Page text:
As per mythology, famous Hindu Saint and philosopher Adi Sankaracharya meditated here to get the blessing of Goddess Parvati, and the goddess promised to follow him to Kerala with a condition that he would not look back at any cost. When they reached Kollur, suddenly he was unable to hear the sound of Devi’s anklets. Sankaracharya got suspicious and turned back to see whether Devi was behind him. The Goddess was following him as promised, but since the condition was broken she decided to stay at Kollur . A visit to the Mookambika Devi Temple is incomplete without having a glimpse of Sarvajna Peetha at Kudajadri . It is a small temple like structure made at the spot where Sri Adi Shankaracharya believed to have meditated. Adi Shankara attained the Sarvajna Peetha or Throne of Wisdom by defeating religious philosophers from around the world during his spiritual journey and ascended to heaven afterwards . Similar structure could be found at Sharada Peeth or Sarvajna Peetha in Jammu and Kashmir as well. I have read controversial statements about the period Adi Sankara lived. It is claimed that he lived during 5th century BC but historians also believe that he lived during 8th century AD. I am not sure which one is the real Sarvajna Peetha mentioned in history. Either way, the temples and structures here are more than 1200 years old.
Another miraculous finding is an ancient 7 meter tall iron pillar in front of the base temple (moola sthana). Legend has it that the Goddess Parvati fought with an asura (demon) named Kaumasura (also known as Mookasura) at this location. Devotees believe that it is the spear (trishula) she used to kill the asura and driven it into the earth afterwards. The Goddess was known as Mookambika later. I was told that the trident head of the spear is still underneath the soil. Whether the story is true or not, this iron pillar has not corroded after thousands of years of exposure to heavy rains and other extreme weather conditions in the area. Several institutions have conducted scientific studies and proven that the material is pure form iron made though ancient metallurgic process not known to modern science. Indian Institute of Science ( IISc ) has conducted some preliminary studies on this subject which could be found here .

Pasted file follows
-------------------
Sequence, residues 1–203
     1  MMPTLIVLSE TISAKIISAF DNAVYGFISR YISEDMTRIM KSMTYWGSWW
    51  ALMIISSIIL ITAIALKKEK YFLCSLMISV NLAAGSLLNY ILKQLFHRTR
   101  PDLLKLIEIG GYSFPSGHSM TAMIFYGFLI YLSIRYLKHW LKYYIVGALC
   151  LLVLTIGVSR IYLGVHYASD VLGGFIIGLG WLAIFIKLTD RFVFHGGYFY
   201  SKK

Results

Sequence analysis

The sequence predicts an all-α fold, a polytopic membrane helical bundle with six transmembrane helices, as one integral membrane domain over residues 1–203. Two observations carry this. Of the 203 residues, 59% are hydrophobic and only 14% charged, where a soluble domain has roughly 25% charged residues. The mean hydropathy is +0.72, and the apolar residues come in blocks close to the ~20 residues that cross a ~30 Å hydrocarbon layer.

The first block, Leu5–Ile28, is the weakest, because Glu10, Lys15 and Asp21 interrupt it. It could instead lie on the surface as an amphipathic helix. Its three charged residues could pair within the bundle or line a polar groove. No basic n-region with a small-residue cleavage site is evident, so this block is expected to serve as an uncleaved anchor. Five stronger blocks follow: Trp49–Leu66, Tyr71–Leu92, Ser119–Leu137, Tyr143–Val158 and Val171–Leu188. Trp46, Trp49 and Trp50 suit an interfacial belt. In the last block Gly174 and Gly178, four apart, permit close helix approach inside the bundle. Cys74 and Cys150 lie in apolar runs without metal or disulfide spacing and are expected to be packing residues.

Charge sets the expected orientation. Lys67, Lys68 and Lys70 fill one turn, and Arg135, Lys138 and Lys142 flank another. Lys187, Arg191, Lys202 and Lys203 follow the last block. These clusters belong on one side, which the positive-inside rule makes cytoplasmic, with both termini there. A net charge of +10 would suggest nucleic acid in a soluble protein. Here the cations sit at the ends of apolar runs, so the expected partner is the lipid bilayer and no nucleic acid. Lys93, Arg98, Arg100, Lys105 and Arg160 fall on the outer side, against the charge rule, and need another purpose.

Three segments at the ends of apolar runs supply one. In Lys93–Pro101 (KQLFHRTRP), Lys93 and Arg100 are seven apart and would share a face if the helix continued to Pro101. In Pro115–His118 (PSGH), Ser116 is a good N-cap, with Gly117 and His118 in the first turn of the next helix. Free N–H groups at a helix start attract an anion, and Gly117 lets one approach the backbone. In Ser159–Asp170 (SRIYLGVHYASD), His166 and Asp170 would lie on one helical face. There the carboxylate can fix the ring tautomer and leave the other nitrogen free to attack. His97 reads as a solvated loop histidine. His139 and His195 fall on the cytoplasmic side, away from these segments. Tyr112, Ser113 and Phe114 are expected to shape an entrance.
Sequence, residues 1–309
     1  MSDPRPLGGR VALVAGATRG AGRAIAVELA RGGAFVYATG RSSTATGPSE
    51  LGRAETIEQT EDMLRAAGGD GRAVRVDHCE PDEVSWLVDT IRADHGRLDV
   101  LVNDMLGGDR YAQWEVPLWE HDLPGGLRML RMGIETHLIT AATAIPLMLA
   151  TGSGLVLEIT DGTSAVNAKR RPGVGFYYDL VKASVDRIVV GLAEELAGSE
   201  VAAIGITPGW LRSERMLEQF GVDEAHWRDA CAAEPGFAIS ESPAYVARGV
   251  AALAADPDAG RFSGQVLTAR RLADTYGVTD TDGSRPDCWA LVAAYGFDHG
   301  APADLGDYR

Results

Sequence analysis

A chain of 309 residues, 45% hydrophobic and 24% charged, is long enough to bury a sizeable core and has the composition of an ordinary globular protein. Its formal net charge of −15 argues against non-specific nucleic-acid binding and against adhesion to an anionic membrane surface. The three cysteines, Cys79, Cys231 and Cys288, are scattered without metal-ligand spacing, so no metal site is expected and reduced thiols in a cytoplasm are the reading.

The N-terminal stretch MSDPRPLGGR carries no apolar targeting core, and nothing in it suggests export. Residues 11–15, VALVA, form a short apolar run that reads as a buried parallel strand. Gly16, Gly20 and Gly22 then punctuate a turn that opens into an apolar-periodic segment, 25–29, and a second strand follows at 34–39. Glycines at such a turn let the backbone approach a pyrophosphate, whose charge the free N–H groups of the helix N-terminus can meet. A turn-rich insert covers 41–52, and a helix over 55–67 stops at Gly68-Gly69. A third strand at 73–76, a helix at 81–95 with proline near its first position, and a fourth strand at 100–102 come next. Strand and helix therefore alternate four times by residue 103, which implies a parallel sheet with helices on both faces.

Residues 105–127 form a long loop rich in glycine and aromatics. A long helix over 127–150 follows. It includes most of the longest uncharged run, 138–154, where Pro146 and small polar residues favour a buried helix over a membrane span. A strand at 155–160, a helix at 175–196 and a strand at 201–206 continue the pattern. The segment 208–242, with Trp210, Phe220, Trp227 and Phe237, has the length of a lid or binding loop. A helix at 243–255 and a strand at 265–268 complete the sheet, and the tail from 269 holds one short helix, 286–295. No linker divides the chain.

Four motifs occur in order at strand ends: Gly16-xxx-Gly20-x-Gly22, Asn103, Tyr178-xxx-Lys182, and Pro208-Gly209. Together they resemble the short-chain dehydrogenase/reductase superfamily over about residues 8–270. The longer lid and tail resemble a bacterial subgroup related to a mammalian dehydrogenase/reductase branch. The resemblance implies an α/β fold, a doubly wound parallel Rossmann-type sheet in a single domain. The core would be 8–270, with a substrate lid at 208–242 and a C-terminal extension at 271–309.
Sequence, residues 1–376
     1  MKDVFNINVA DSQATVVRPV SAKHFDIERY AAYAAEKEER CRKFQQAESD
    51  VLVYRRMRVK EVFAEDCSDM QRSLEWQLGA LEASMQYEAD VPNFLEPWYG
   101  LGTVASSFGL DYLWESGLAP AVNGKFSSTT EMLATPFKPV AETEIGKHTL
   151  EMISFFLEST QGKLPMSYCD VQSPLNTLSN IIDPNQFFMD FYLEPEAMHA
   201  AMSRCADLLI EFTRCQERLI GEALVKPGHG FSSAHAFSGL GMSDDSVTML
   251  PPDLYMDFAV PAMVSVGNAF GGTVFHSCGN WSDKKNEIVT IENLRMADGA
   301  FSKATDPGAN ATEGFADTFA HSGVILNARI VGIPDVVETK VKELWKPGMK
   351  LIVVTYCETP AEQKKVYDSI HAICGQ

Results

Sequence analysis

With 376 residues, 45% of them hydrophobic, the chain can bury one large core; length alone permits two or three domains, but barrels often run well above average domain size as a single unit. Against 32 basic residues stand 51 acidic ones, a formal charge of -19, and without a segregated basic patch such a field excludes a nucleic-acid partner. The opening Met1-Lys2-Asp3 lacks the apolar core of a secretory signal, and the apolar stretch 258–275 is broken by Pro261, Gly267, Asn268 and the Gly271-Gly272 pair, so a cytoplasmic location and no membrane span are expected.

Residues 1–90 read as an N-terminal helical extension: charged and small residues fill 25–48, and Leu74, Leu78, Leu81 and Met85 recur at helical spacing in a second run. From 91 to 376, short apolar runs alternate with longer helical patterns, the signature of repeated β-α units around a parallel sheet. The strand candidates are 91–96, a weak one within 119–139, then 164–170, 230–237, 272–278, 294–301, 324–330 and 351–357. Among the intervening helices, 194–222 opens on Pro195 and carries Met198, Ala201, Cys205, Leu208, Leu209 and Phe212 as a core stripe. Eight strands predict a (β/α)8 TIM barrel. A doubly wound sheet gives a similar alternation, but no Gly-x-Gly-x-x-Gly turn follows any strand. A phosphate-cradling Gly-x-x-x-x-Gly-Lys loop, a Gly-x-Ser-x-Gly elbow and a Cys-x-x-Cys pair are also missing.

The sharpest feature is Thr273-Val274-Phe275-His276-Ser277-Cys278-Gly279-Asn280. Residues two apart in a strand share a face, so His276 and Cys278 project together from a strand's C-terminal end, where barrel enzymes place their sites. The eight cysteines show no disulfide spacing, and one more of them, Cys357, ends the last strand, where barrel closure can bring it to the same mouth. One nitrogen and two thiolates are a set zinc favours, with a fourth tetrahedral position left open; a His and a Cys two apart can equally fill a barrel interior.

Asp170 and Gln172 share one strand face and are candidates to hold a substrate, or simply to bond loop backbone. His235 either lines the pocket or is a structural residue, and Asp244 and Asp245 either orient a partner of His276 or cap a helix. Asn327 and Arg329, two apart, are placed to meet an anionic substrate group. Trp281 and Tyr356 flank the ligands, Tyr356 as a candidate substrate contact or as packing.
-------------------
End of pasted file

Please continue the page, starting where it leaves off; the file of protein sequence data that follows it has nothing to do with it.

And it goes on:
The sedimentary rocks such as quartzites in Kodachadri hills contain a fair amount of iron ore. It is evident from the colour of the stones and as well from its magnetic properties. Though mining efforts were initiated, the companies soon had to withdraw due to the strong objection from environmentalists and native people.
We spent the afternoon at Kollur Mookambika Temple. This temple is most famous for its Saraswati worship in Southern India and it is a sacred destination for artists and students from different parts of the country. Half of the devotees are from Kerala, the remaining are from Tamil Nadu and Karnataka. Most of the performing artists come over to this auspicious location for their first stage performance (Arangettam, Arangetram) . It was really fascinating to watch some little girls performing Bharatanatyam dance in front of the Saraswati Mandapam. In the evening they lit up the tall Deepa Sthambha (oil lamp pillar) at the entrance of the temple . View of the temple illuminated by the traditional oil lamps was spectacular.
How to reach Kodachadri / Kollur :
By Road :-
- Route-1 : (Distance 438 Km) Bangalore – Nelamangala – Baragur – Arsikere – Shivamogga – Ayanur – Nagara – Kollur.
- Route-2 : (Distance 438 Km) Bangalore – Nelamangala – Tumakuru – Shivamogga – Ayanur – Nagara – Kollur.
- Route-3 : (Distance 129 Km) Mangalore – Kundapura – Kollur.
- (Distance 37 Km) Kollur – Nittur – Kodachadri.
Bangalore is also known as Bengaluru
Mangalore is also known as Mangaluru
Shimoga is also known as Shivamogga